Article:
How I Think

🔢 Amazon Prime and Relentless Long-Termism

Published almost 2 years ago • 3 min read

Amazon Prime started in the Bezos boathouse and ended with 200 million members.

Here's the story and 3 non-obvious lessons you can use today:

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"You shouldn't be letting Jeff do this. This is setting a bad example."

Today, when you think of Amazon, you probably think of Jeff Bezos the business genius.

But back in 2004, there isn't blind faith.

Our story starts with Charlie Ward and the Bezos' boathouse...

So Charlie Ward is a one-click checkout addict.

And in 2004, he has a problem.

By using Amazon's Super Saver Shipping, he could never do one-click checkout.

Super Saver forces shoppers to hit a $25 minimum to qualify for cheap 8-10 day shipping.

So he has an idea...

"What if customers just gave us money at the beginning of the year and we calculated zero for their shipping charges the rest of that year?”

- Charlie Ward

Some co-workers think he's crazy.

But he writes a 1-page memo pitching his all-you-can-eat shipping service to Bezos.

Bezos likes it.

But it misses a key insight.

"No one wakes up in the morning hoping for slower shipping."

- Bezos, 2004

All-you-can-eat shipping isn't enough.

We need speed.

So it's a Friday in December 2004 and Vijay Ravindran and the rest of the Prime team have a meeting with Jeff.

The day of the meeting, Amazon's website crashes.

So the team is scrambling and Vijay calls Jeff to reschedule for next week...

Jeff says, "Of course, I understand. But this is so important that you have to come over to my house on Saturday morning.”

The Prime team shows up the next day and gathers in Jeff's boathouse.

They talk strategy and timing.

But here's the key insight:

"We're going to change the psychology of people not looking at the pennies differences between buying on Amazon versus buying somewhere else."

- Bezos

Jeff wants consumers to choose Amazon by default.

They are given 4 weeks to launch Prime by Amazon's earnings release.

And the secret project name?


The best part?

Every time the Prime team poached someone from a different division, you got this t-shirt.

After some crazy weeks and long nights, Amazon launches Prime in February 2005.

The model is simple:

Pay $79 and you get unlimited 2-day delivery for over 1 million items.

But they still have a big problem.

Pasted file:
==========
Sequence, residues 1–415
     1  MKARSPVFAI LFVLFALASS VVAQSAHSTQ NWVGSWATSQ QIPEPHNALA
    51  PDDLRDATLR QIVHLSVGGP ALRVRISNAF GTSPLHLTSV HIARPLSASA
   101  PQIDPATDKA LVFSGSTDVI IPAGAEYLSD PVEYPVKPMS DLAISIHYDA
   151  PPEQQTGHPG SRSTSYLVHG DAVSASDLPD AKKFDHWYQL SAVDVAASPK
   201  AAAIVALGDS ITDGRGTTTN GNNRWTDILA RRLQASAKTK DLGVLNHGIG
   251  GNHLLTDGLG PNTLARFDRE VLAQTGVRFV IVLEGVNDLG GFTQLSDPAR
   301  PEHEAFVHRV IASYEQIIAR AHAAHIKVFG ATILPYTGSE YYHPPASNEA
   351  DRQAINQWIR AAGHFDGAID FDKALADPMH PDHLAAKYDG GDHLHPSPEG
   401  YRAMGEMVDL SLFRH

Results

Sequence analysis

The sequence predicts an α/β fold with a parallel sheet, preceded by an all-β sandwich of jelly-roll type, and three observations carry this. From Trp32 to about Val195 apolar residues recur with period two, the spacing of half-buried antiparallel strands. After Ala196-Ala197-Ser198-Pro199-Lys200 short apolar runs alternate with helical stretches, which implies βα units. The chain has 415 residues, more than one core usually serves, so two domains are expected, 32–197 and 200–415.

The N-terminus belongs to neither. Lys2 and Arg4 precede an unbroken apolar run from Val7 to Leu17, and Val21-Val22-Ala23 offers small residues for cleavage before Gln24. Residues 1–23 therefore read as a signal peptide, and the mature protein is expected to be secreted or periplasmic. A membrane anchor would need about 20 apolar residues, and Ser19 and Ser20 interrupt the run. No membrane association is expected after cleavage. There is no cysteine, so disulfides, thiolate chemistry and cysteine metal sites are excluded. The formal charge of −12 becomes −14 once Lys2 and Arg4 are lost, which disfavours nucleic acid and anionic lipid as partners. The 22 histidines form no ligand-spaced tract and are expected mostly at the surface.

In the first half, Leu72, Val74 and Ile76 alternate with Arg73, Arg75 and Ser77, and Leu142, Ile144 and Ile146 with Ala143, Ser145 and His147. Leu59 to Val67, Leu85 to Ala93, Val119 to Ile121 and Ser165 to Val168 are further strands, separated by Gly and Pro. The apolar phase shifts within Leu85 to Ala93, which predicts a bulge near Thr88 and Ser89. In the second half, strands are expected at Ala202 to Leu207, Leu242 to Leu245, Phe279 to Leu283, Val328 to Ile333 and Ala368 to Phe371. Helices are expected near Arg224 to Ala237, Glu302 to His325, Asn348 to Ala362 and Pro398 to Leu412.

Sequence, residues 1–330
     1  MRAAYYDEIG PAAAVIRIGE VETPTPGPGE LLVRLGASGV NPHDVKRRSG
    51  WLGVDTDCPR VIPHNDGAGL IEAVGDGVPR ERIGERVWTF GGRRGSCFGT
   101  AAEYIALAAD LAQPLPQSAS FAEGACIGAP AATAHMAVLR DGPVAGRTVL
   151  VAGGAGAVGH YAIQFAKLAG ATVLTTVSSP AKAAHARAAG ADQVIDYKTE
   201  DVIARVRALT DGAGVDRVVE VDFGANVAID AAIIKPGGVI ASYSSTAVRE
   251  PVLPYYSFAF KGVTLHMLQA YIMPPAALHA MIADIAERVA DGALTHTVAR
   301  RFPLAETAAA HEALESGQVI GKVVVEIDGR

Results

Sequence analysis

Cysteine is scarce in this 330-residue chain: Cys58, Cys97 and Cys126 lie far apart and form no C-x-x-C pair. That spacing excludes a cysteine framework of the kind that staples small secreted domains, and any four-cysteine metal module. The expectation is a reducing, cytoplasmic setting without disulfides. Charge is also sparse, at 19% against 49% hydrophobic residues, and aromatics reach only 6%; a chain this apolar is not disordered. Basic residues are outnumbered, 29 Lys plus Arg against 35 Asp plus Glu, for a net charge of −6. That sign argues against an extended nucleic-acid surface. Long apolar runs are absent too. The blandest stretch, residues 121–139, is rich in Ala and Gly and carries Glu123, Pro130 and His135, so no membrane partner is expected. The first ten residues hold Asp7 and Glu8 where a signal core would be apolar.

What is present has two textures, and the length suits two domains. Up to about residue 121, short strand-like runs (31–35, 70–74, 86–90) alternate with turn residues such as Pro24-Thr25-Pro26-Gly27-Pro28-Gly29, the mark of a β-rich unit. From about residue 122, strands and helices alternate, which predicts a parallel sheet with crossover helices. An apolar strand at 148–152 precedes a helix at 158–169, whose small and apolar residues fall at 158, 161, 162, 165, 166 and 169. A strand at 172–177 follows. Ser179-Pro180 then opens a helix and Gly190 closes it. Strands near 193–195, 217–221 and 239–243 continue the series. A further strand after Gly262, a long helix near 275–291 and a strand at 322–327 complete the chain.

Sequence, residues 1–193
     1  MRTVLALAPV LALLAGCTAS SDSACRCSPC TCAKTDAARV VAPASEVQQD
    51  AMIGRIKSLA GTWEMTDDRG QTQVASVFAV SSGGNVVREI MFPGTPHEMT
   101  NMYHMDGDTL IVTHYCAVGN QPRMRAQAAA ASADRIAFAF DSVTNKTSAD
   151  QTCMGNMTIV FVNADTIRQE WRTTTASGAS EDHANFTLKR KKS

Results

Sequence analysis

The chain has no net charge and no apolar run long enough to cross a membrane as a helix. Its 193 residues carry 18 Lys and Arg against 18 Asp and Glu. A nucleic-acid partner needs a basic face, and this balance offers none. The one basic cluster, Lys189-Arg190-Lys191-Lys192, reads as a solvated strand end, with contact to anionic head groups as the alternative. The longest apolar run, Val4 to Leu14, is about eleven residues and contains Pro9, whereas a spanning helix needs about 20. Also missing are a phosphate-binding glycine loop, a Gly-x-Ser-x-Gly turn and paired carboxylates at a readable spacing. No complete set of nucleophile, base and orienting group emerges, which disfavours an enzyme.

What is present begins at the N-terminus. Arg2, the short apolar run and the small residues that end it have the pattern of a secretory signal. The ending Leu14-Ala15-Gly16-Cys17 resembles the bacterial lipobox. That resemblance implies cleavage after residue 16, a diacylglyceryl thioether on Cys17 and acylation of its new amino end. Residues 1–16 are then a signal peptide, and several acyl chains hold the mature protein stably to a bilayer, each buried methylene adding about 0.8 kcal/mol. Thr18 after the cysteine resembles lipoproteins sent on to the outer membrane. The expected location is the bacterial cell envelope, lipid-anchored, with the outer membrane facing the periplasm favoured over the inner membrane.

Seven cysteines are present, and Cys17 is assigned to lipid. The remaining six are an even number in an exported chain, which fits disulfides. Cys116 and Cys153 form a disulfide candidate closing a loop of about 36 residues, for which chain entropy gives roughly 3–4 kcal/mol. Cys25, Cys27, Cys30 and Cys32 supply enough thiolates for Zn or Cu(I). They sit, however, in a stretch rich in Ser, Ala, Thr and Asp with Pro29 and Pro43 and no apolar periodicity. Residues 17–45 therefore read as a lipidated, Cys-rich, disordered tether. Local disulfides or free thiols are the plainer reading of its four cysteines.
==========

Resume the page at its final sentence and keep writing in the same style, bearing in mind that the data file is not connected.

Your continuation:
How the heck can you make this profitable?

To make the math work, Prime members needed to buy 10 times per year.

This seemed insane.

But here lies the stupidly simple insight in hindsight:

If customers liked Prime, demand would go up.

And because the demand goes up, Amazon can build new fulfillment centers.


New fulfillment centers means lower costs.

Lower costs make profitability easier.

And the cycle continues.

Now you may think Prime is a rocket ship from the start.

But it isn't.

The truth is Prime never takes off until they bundle in digital video in 2011.

Prime video makes membership a no brainer for Amazon customers.

And creates the key habit:

Default to Amazon.

Today there are over 200 million members with 3x more spend on Amazon on average.

And here are the 3 key principles you can take from Prime:

Lesson 1: Double Down on the Winners

Most businesses focus on getting new customers.

But Prime's entire goal is to make sure the biggest Amazon fans never leave:

"I want to draw a moat around our best customers. We won't take them for granted."

How can you do the same?

Lesson 2: Peter Thiel's 10x Law

Tech that wins builds a 10x better product.

The original idea for Prime is not this.

Charlie Ward focused on shipping cost but Bezos focused on speed.

And 2-day shipping turns penny-pinching to a default to Amazon.

How can you build a 10x?

Lesson 3: Relentless Long-Termism

Bezos didn't care if Prime won from Day 1.

In fact, it didn't take off until Prime Video in 2011 which is 6 years later.

Most people think long-termism is all about compounding good actions.

But it partially misses the point.

Long-termism changes the projects you pursue because the focus is on results over decades versus days.

And that frees you to think differently.

And think much bigger.

How would long-termism change your project selection?

See ya next week,

Chris Hlad

How I Think

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